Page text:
What about the ends? As history has shown there are many philosophers who spent more time lying in bed thinking, than with real people. Too many politicians come up with policies without knowing how they impact the individual; families or communities. People at their heart, are deeply complex. In times of austerity, the faceless nature of the welfare state and system of support services for those going through tough times is all too real. People are simply numbers, in strict earnings bands. Some will be subject to the benefit cap for some arbitrary reason, like the number of children they have, or their age. As if a benefit cap ever put off anyone having children nor to somehow magically sort their life out because they are young enough to know better.

Making enemies

So what happened? I contacted the excellent ITV news team who have been reporting recently on the state of the rented and public sector housing. I emailed the HMO licence people at the council and copied in an ITV producer and the local MP. Within two days, after a year of waiting, the environmental team sent someone round.

My email was arguably passive aggressive – but I am the “professional trained to deal with complex needs” (I’m not, by the way). I can afford to be passive-aggressive and demanding. The person I work with, though they are angry and fearful at being let down by the system that is meant to support them– does not feel they can afford to be such (at least not to that extent).

I was equally aggressive on email to the council housing team and received much defensiveness in response. I was hardly surprised when a support worker who has been supporting the person in question for a year, since the housing issue arose – said that the reason they might not have advocated more strongly was that they “don’t want to fall out with the housing team”.

It seems to me that this is a system where workers are more concerned about upsetting colleagues than they are about upsetting the people they are supposed to be helping. And that should worry us.

Of course, often anger and aggression make little difference. We are all at the behest of a system where there simply isn’t enough housing, and one where landlords profit via the taxpayer for providing housing in a state of disrepair. But while council workers are also at the behest of a system they rarely have much control over, I do wish the language they would use with their “clients” and “customers” could be a bit kinder. Especially when it’s basically emails stating “you are vulnerable, but not quite vulnerable enough to be housed by us”.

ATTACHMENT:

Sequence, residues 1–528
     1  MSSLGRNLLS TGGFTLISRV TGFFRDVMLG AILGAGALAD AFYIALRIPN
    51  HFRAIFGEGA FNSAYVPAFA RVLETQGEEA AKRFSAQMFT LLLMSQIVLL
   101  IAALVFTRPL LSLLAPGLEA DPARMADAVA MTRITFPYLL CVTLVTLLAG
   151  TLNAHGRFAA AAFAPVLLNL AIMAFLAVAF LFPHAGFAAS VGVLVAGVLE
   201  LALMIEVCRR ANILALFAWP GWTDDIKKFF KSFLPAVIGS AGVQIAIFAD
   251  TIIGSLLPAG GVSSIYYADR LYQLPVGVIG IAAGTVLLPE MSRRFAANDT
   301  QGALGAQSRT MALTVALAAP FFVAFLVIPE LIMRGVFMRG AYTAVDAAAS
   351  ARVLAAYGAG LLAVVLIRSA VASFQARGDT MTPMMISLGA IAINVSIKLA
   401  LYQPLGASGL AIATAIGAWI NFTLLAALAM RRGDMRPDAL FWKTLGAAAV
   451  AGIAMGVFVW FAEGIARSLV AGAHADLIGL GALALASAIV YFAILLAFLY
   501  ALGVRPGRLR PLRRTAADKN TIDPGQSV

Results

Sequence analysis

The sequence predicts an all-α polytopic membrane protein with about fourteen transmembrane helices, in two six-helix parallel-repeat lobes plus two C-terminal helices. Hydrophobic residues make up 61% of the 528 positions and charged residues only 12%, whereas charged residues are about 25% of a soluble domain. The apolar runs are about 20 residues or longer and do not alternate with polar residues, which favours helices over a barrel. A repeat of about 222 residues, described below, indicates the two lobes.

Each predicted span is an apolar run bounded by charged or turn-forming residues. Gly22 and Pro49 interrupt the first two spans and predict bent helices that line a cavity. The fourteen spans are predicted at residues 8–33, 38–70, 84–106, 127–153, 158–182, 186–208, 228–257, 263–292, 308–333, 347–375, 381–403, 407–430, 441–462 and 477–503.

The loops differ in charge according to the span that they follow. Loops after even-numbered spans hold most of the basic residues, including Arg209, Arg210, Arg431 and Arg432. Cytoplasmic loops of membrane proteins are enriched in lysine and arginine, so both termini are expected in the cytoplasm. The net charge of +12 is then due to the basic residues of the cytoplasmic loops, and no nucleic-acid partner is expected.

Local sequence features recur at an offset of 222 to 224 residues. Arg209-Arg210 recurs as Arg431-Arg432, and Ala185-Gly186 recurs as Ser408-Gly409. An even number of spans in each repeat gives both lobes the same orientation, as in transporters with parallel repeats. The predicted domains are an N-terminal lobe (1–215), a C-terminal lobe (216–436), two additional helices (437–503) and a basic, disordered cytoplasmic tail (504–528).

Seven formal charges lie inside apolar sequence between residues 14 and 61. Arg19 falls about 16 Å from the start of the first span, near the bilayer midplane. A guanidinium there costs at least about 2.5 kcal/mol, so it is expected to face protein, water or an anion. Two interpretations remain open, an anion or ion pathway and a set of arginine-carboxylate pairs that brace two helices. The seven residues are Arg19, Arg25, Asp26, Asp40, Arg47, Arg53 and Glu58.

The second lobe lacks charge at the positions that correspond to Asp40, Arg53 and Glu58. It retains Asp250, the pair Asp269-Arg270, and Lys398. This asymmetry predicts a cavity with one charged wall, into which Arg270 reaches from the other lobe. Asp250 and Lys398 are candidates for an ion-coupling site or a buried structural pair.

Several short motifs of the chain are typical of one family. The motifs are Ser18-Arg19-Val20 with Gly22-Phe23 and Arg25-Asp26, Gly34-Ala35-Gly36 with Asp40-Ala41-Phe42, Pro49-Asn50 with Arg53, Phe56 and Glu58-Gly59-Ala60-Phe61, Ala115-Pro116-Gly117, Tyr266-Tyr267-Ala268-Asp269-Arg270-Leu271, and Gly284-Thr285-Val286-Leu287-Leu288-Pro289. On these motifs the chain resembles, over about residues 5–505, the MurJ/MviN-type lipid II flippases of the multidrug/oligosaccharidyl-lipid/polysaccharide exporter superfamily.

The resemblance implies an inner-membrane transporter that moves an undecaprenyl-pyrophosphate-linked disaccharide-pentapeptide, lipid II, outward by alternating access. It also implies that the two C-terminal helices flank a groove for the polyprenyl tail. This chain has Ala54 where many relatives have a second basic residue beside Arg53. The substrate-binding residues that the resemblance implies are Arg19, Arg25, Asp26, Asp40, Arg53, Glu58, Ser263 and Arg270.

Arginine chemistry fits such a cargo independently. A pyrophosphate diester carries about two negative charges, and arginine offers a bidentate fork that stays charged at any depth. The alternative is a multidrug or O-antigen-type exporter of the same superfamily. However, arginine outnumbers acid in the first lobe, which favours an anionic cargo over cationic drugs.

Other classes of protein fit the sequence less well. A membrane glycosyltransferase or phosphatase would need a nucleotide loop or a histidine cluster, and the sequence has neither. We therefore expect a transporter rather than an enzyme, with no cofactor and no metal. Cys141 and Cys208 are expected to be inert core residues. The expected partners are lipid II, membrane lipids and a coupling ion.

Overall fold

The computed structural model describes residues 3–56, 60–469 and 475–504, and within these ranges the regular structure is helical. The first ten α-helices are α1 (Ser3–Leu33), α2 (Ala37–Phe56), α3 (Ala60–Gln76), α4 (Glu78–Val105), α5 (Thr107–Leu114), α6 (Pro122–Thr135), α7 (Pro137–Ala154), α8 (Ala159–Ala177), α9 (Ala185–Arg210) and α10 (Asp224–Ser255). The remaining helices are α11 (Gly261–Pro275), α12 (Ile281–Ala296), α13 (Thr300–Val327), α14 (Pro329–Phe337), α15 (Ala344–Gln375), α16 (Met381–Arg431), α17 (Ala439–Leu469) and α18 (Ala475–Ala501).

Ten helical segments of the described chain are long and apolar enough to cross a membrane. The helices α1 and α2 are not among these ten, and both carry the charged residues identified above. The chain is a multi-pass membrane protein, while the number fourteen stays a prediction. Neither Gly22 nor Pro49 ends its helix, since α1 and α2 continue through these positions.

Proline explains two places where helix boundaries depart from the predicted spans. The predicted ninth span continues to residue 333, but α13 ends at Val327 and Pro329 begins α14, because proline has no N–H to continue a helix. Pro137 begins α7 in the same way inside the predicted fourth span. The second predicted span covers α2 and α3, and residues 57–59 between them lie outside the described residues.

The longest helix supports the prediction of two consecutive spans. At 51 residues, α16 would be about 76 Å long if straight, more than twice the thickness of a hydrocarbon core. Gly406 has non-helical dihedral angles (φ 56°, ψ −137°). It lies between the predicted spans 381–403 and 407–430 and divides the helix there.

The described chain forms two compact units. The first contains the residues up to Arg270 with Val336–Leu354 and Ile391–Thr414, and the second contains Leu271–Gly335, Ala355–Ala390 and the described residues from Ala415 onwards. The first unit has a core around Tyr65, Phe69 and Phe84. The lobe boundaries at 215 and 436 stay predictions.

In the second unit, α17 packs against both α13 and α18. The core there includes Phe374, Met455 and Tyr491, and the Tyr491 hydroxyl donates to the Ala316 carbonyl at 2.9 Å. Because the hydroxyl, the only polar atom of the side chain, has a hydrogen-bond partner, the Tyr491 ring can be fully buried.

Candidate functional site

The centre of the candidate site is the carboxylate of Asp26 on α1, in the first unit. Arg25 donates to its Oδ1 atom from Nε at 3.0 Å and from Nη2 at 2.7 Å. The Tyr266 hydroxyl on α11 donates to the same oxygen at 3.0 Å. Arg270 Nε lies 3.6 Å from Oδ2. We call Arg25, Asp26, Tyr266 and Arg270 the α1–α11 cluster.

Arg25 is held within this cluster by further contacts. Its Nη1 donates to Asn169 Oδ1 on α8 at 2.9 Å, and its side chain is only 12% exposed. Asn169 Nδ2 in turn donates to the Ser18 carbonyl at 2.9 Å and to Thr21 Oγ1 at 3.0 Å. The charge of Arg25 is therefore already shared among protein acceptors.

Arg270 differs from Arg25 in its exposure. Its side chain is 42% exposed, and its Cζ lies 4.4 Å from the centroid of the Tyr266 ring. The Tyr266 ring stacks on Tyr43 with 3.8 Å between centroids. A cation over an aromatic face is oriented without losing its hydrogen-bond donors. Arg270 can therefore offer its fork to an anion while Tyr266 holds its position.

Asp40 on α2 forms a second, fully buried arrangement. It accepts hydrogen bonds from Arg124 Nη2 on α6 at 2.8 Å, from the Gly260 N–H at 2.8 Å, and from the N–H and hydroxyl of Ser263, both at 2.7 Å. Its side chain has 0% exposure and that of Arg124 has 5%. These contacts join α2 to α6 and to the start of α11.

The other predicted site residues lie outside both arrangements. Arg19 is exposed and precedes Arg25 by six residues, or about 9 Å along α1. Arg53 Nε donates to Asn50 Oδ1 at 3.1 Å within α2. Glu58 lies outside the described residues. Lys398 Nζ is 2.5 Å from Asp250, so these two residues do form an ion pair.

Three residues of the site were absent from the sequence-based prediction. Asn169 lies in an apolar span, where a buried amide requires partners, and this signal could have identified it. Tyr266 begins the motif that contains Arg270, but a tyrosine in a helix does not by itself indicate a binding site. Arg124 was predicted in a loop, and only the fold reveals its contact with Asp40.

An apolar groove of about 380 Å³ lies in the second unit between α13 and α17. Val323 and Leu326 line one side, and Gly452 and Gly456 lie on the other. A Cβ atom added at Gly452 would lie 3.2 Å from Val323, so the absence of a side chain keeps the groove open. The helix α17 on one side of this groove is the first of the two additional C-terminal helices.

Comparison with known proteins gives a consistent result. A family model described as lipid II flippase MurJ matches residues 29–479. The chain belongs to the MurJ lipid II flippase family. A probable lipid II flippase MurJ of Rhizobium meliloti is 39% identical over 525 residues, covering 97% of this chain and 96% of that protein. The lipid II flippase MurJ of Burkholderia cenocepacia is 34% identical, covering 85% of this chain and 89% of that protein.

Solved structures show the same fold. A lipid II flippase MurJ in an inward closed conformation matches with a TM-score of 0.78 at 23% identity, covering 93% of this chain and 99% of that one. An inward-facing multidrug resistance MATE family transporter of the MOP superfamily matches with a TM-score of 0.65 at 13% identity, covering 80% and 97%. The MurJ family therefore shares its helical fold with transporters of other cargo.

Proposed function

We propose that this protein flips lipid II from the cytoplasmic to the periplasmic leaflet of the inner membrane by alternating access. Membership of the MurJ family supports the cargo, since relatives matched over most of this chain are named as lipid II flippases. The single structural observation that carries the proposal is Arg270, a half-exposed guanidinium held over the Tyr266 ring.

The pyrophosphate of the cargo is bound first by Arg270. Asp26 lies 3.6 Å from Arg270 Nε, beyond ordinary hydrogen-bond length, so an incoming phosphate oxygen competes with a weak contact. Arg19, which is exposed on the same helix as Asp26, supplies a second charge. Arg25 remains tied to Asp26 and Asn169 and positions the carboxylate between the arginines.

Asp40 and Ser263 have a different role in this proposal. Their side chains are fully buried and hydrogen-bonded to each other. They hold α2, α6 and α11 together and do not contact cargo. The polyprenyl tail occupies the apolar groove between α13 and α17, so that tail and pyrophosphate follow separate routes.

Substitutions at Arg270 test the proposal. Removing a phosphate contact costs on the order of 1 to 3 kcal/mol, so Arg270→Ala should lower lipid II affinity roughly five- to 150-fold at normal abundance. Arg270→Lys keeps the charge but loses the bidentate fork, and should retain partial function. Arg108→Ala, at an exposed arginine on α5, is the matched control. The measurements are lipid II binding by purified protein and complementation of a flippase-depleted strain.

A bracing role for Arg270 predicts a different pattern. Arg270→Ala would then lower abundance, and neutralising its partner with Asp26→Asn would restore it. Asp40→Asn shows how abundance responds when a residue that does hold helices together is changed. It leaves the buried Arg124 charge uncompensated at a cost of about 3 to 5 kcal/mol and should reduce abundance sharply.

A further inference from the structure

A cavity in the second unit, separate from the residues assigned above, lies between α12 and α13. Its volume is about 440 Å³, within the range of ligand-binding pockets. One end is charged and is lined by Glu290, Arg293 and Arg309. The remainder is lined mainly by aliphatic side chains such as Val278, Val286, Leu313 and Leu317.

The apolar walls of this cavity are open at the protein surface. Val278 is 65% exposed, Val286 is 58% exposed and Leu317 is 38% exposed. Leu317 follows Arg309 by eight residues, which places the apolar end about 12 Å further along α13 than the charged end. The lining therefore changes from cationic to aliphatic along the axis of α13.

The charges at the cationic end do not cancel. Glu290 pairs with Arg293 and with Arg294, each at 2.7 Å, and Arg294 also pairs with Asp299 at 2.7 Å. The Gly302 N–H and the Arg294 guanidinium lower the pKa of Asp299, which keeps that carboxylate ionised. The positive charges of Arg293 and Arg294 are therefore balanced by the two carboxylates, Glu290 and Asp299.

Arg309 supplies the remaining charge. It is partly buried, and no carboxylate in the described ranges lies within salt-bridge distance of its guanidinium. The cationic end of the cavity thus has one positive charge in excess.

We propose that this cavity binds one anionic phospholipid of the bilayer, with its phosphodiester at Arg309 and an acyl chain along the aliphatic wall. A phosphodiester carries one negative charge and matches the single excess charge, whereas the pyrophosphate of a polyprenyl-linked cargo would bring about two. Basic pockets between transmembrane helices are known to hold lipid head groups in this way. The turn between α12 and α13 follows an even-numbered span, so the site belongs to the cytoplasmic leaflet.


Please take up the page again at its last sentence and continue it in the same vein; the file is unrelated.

But let me not end on too sour a note! This person has recently talked about how it feels to be not only listened to, but “heard”. They are currently working on a blog, some complaint letters, as well as a few email rants about the whole situation to anyone who is willing to read them! It’s not fixed their housing, but it’s perhaps a start to taking some power back from the system that is supposed to be helping them.

To give this some context let me finish by sharing the scale of “support” this person is getting in an effort to prove they are “vulnerable enough” to not live in squalor.

  • Five different systems (homelessness, mental health, housing, drug dependency, criminal justice)
  • Six weekly meetings
  • Six different organisations
  • Eleven different ‘professionals’
  • On hold or on a waiting list for an additional four support services

I don’t know about you but those numbers make me anxious. I can’t imagine what it is like to actually have to do all these sessions, week in, week out. It says a lot that “proof of vulnerability” is welcomed and seen somehow as an asset. Well, something is not working.

For now, the only noticeable action or change this person has seen for months was after they were actually listened to and were allowed to request support on their own terms (plus, a strongly worded email and the threat of being held accountable for a failing system!).

Working as a PTS Coach, listening to someone and understanding what support they want, if any at all; should always be the priority. Often this has been seen as radical, difficult, or demanding. But then sometimes, the ends justify the means.

About the author:

I’m Dannie G, I’m very new to this area, and have been at Mayday Trust working on the Haringey PTS (Person-led, Transitional, and Strength-based Response) pilot for six months. Colleagues tell me to not lose the “shock” element I have when I read council eviction notices, or communications from mental health teams or how people talk about “clients” when they aren’t around!

For me, it’s clear that in order to make any sort of dent in the current housing crisis we must genuinely listen and learn from those who are living and breathing it.

Things I’d like to share:

Just in case you missed it here is a link to the ITV report I mentioned earlier https://www.itv.com/news/topic/housing

This is an interesting blog about the conversations the Church of England are having; from their Compassionate Communities arm: https://www.compassionatecommunitieslondon.org.uk/themes-of-work/housing-homelessness